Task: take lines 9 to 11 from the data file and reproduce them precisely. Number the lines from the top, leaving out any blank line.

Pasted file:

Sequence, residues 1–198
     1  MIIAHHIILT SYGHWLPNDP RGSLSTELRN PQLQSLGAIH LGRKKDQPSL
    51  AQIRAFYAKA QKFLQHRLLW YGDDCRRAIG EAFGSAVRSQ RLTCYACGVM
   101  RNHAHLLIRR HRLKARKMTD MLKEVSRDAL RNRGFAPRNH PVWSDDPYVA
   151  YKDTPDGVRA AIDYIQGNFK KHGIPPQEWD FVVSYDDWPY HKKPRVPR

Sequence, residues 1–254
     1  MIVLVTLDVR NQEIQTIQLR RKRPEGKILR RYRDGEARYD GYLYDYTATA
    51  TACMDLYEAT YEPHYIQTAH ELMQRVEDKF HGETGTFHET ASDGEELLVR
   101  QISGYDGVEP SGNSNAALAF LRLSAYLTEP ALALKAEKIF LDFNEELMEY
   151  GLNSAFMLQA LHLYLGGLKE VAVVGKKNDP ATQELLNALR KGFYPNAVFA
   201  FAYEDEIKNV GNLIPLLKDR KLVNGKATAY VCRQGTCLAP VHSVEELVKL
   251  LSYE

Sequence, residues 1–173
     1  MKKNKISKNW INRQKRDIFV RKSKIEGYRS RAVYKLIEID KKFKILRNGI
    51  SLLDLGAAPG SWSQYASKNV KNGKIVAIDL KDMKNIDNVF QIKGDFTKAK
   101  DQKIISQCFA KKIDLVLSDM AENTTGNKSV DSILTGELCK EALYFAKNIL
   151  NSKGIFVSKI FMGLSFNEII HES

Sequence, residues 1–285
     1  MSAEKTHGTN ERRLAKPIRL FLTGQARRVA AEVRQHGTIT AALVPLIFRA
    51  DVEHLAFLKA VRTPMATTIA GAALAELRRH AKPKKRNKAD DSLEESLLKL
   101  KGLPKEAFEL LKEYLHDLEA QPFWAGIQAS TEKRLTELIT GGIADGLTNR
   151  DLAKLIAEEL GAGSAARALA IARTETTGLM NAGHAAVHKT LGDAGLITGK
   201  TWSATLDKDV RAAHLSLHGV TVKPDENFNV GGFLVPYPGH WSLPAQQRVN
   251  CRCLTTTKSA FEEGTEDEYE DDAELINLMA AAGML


   101  QISGYDGVEP SGNSNAALAF LRLSAYLTEP ALALKAEKIF LDFNEELMEY
   151  GLNSAFMLQA LHLYLGGLKE VAVVGKKNDP ATQELLNALR KGFYPNAVFA
   201  FAYEDEIKNV GNLIPLLKDR KLVNGKATAY VCRQGTCLAP VHSVEELVKL